Fun, Fourth & Fireworks! | July 2012 | Dr. Price Kloess

 vulcan fireworks
Hope your summer, sizzling as it may be, is going well.
I must confess, I am a bit of a pyromaniac.  I love fire and fireworks.  As a kid I was always the one who started the fire when camping [almost burned a house down one time…who knew it was going to get windy??? …hope my parents aren’t reading this:)].   I probably hold some type of Guiness world record for creative ways to launch bottle rockets.  As an adult I now shudder to think of the stupid things we did with fireworks…and as an ophthalmologist who has taken care of countless fireworks related eye injuries, I now see how vast this problem can be.
So, my goal is not to rain on your July 4th fireworks parade, but to cause you to think before lighting that firecracker or sparkler by sharing some important facts about seemingly innocent fireworks that are readily available to the public.
 Each Fourth of July, thousands of people are injured from using consumer fireworks. According to the U.S. Consumer Product Safety Commission, more than 9,000 fireworks-related injuries happen each year with the majority of these injuries affecting the eye.  One-fourth of fireworks eye injuries result in permanent vision loss or blindness.
July is Fireworks Eye Safety Awareness Month, and through its EyeSmart™ campaign the American Academy of Ophthalmology wants to remind consumers to leave fireworks to professionals. Too many Fourth of July celebrations are ruined because a child has to be rushed to the emergency room after a fireworks accident. Potentially blinding injuries can be avoided if families attend a professional public fireworks display instead of putting on a home fireworks display.
Children are the most common victims of firework accidents, with those fifteen years old or younger accounting for half of all fireworks eye injuries in the United States. For children under the age of five, seemingly “safe” sparklers account for one-third of all fireworks injuries. Sparklers can burn at nearly 2,000 degrees Fahrenheit, which is hot enough to cause a third-degree burn.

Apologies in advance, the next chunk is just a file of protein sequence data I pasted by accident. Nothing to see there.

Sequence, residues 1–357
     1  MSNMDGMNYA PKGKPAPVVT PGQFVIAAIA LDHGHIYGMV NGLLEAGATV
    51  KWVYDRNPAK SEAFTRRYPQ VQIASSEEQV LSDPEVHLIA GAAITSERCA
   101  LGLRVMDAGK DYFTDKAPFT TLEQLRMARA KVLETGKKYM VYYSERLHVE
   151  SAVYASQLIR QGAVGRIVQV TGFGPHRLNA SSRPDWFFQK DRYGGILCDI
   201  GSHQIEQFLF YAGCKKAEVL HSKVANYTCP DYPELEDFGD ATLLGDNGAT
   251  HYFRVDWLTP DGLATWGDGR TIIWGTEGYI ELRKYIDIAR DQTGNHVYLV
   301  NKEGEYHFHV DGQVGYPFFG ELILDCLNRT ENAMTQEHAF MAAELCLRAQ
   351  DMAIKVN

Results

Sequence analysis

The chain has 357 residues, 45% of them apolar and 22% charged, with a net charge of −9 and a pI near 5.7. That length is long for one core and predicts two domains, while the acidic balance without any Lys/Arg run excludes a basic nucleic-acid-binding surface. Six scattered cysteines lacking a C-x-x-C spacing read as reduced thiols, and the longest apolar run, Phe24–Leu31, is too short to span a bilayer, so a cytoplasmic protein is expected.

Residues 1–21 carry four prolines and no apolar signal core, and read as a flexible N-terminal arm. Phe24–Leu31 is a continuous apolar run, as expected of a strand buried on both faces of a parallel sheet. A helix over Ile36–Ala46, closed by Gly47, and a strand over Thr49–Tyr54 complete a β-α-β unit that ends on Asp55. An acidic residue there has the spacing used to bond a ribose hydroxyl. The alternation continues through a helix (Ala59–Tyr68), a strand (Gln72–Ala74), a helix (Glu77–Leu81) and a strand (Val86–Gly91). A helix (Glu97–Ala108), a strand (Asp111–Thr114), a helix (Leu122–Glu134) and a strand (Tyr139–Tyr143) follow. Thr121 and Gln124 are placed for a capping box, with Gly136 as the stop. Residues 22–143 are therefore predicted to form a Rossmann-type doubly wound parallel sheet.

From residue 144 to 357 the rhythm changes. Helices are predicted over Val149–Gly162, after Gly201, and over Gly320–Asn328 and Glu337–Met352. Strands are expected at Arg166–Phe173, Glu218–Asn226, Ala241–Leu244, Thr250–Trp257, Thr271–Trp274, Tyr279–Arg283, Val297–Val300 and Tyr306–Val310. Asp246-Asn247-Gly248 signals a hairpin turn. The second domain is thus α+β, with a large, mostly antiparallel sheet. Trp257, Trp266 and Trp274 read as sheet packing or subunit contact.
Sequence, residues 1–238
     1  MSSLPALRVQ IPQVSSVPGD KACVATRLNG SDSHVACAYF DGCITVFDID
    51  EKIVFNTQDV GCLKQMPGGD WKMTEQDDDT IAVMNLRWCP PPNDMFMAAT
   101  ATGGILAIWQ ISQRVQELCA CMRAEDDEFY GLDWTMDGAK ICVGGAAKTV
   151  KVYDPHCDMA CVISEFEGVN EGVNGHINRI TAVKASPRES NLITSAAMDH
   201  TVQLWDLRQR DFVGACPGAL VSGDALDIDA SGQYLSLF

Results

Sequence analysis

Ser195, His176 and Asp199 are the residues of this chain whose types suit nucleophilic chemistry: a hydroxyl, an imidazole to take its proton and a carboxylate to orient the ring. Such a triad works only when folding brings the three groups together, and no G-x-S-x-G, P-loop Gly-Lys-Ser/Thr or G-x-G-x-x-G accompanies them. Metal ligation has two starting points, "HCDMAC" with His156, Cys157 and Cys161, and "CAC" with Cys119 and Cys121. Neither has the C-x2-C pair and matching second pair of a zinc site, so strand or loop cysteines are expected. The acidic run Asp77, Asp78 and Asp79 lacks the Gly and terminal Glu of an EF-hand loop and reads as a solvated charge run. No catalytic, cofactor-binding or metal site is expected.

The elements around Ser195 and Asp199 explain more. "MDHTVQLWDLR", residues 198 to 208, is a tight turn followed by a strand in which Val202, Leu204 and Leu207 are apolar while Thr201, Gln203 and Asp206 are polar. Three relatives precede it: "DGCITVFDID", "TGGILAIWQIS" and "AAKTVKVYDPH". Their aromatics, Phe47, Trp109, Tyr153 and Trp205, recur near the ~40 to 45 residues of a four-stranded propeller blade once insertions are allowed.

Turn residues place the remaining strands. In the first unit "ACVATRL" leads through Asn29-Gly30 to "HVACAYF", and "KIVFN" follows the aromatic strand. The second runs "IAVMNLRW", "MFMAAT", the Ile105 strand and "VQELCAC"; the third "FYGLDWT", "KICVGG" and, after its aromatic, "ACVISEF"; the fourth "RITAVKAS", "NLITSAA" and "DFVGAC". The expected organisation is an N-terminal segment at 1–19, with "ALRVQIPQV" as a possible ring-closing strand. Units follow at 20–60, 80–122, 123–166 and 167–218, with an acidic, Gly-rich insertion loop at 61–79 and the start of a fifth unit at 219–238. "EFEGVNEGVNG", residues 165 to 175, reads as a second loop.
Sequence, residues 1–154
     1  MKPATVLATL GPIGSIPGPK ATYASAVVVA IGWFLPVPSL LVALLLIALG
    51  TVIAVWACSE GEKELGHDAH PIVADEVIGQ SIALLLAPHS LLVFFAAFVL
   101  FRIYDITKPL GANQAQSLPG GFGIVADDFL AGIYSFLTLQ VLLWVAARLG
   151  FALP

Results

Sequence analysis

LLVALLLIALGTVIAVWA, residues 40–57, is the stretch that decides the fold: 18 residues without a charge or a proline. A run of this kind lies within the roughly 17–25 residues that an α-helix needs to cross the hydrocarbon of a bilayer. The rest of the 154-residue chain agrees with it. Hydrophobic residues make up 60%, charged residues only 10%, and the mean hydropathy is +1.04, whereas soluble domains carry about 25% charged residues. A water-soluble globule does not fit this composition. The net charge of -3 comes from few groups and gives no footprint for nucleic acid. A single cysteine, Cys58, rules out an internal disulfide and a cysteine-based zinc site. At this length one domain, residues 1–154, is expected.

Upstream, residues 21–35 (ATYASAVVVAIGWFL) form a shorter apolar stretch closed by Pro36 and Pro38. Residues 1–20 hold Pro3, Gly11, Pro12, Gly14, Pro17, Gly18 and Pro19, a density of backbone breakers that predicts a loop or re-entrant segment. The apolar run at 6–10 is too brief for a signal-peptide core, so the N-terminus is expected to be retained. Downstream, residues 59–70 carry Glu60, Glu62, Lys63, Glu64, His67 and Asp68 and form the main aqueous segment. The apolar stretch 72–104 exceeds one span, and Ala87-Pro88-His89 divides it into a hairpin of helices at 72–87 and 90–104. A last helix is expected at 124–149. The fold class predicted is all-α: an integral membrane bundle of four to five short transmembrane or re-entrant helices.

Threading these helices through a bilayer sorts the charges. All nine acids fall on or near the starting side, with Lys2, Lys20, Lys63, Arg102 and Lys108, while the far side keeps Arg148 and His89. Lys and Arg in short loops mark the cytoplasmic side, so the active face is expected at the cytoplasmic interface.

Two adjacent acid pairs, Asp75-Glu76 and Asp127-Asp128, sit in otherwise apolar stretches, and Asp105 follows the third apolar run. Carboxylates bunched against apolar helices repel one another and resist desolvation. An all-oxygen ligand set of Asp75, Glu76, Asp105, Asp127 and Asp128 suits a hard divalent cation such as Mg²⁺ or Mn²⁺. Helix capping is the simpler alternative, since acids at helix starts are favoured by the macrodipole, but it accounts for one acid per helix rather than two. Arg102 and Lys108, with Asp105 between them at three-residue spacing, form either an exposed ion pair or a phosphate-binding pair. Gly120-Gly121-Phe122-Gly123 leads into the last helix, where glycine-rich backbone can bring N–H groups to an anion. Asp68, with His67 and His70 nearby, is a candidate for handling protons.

Among the most serious injuries are abrupt trauma to the eye from bottle rockets.  The rockets fly erratically, often injuring bystanders. Injuries from bottle rockets can include eye lid lacerations, corneal abrasions, traumatic cataract, retinal detachment, optic nerve damage, rupture of the eyeball, eye muscle damage, and complete blindness.
For a safe and healthy Independence Day celebration, the Academy urges observance of the following tips:
  • Never let children play with fireworks of any type.
  • View fireworks from a safe distance: at least 500 feet away, or up to a quarter of a mile for best viewing.
  • Respect safety barriers set up to allow pyrotechnicians to do their jobs safely.
  • Leave the lighting of fireworks to trained professionals.
  • Follow directives given by event ushers or public safety personnel.
  • If you find unexploded fireworks remains, do not touch them. Immediately contact your local fire or police departments.
  • If you get an eye injury from fireworks, seek medical help immediately.

So…on this Friday before one of our favorite holidays, everyone at the Alabama Vision Center wishes all of you a safe, restful, fun-filled 4th of July…and find a good fireworks show and enjoy it!
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